I know the rules of proper grammar, I just might not necessarily apply them.

Grammar is a very annoying subject, not many teachers want to teach it, and not many students want to learn it.

Moshe: actually it's funny you say that. Because I remember in like 5th grade my teacher asked a question, she asked if anyone knew what [ ] <--- those are, she said you would only know if you read books. I never liked reading books when I was young, I raised my hand and I was able to answer her. I forgot how I knew the answer, but I remembered knowing it and that I was able to shtuch her out.

Joodah: thanx for reminding me about that. FrumSkeptic, I will get to that later.

very true with what you said about kids not realizing the consequences. What's IMHO? I keep seeing it and forget to ask.

True points.

btw, a good quote:
"Lecture: An art of transferring information from the notes of the
Lecturer to the notes of the students without passing through the minds of either"

The Babysitter said...

FrumSkeptic: About what Joodah said here:

"What about those classes where teachers make it next to impossible to receive an A."

That's another thing, that's what I meant when I made the whole comment last time. In those smart schools they may make it hard for kids to get A's even if they deserve it. I had a math teacher in HS where lots of people didn't do well. 70's was considered good already. So I always thought wow she's so smart, and everything. But then I was talking to her son in law, and he said you may be brilliant and a genius, but what's the point in giving such hard tests, if kids aren't doing well then it shows your not a good teacher. If your a good teacher the students should be getting 100's!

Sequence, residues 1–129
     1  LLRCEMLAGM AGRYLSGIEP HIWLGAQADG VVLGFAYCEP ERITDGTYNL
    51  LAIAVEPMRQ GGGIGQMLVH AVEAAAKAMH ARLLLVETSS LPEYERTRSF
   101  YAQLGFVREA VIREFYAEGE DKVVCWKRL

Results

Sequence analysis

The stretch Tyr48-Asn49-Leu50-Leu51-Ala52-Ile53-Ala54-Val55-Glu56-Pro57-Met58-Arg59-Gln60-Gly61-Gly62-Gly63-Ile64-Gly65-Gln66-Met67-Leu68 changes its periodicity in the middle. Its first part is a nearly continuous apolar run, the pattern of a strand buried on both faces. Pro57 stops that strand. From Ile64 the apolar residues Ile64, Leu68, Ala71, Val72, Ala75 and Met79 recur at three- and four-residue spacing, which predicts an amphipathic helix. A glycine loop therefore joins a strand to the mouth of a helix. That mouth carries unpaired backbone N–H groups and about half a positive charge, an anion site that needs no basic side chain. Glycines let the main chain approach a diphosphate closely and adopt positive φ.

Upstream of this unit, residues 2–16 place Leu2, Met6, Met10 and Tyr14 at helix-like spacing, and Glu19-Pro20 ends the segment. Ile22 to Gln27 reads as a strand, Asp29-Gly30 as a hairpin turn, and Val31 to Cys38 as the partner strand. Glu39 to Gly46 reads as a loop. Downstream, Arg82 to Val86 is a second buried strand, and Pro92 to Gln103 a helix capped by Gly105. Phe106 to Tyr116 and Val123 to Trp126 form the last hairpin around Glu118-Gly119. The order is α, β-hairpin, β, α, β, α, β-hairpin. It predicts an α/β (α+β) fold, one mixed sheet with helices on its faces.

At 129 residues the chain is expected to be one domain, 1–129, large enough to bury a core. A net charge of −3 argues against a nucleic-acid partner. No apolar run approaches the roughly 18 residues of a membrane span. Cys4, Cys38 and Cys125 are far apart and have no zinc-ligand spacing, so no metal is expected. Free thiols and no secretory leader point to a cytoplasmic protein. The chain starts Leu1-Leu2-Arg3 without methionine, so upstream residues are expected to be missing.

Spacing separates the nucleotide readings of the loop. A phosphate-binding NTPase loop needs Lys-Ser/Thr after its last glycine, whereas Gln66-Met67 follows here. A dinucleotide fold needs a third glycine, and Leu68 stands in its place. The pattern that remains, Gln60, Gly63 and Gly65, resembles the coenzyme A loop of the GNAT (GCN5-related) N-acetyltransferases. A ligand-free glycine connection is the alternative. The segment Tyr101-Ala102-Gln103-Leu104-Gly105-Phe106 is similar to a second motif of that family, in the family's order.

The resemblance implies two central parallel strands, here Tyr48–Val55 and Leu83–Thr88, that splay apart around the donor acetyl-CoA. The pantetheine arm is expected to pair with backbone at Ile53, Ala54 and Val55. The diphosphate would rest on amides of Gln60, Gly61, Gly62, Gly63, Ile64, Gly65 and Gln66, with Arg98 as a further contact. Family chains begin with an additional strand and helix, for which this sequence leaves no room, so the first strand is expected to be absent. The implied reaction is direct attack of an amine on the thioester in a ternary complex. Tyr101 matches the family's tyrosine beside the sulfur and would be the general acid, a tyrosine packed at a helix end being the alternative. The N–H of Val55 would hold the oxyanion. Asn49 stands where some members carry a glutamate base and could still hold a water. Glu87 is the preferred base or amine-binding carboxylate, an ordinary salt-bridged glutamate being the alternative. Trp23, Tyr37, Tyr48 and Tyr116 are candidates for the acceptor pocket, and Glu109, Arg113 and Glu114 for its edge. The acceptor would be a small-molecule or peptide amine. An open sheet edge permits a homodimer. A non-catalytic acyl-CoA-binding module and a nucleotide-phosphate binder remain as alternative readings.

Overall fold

I don't know if any prof of yours every said this, but one prof told us that the college has a rule that you can only give out a certain amount of every letter. So even if kids deserve an "A" he can only give out a certain amount, so others who deserve it won't get it. And that there has to be a certain amount of failing grades. How ridiculous is that? That there NEEDS to be feeling grades. Why is that a necessity?

The Babysitter said...

Now if you don't want to read all those long megilla's I'lll summarize.

Basically I agree that there should be levels and that smart people shouldn't be denied a chance to develop their smartness. Only thing was that, all the other people shouldn't be forced to be geniuses if their not capable. Zeh Hu!

mlevin said...

Babysitter - genious cannot be forced, it's inborn. You were either born smart or you weren't. If you were born smart and never developed it, than you never reached your full potential. Forcing smart children to sit through regular class equals to stumping their developement.

frumskeptic said...

joodah- you make an excellent point. But that goes more for who you hire as a teacher than the system. If the goal is to institute the system, you will hire teachers who will abide by it.

In JHS my 6th grade history teacher was a complete moron. Everyone hated her. It was her first year teaching. THe parents called the school, she got fired.

frumskeptic said...

Babysitter- I stronly recommend you read the articles I linked to at the end of my post.


"About the Grades, for some people it's not possible for them to get an A or B, and for them struggling to get a C is great..."
Then you missed the point on levels. if they had to STRUGGLE to get an A they wouldn't be in that class. A C is never great. is average. Meaning it should be the grade you get without doing anything, and relying on basic. A lil study B, real study, A.

"since I already typed it out, I'll keep it.

"how come math had higher grades if that's usually the difficult one?"
Our school was focused on math. We had math every day, and double period 2/3 times a week depending on the semester.

"Ok that system sounds great if you can get people to pay for it."
Tuition should pay for decent education. or SCHOOLS should have reputations taht actualy go beyond the middos.

"If a kid is so smart and can't sit still then he can skip a few grades, which I don't really think is so smart cause they loose the social aspect of being with kids their age. "